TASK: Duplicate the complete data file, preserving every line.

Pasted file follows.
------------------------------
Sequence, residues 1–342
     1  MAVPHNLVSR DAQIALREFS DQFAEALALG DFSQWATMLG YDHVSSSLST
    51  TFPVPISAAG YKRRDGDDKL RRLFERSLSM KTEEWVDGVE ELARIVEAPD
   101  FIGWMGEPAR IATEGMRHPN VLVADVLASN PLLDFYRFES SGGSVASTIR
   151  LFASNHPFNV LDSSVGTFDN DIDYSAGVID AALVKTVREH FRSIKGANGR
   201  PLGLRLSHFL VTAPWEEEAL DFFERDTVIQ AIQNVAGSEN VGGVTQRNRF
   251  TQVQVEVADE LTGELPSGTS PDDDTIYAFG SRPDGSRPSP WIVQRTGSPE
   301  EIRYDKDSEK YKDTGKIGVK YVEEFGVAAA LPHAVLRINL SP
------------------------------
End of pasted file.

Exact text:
Sequence, residues 1–342
     1  MAVPHNLVSR DAQIALREFS DQFAEALALG DFSQWATMLG YDHVSSSLST
    51  TFPVPISAAG YKRRDGDDKL RRLFERSLSM KTEEWVDGVE ELARIVEAPD
   101  FIGWMGEPAR IATEGMRHPN VLVADVLASN PLLDFYRFES SGGSVASTIR
   151  LFASNHPFNV LDSSVGTFDN DIDYSAGVID AALVKTVREH FRSIKGANGR
   201  PLGLRLSHFL VTAPWEEEAL DFFERDTVIQ AIQNVAGSEN VGGVTQRNRF
   251  TQVQVEVADE LTGELPSGTS PDDDTIYAFG SRPDGSRPSP WIVQRTGSPE
   301  EIRYDKDSEK YKDTGKIGVK YVEEFGVAAA LPHAVLRINL SP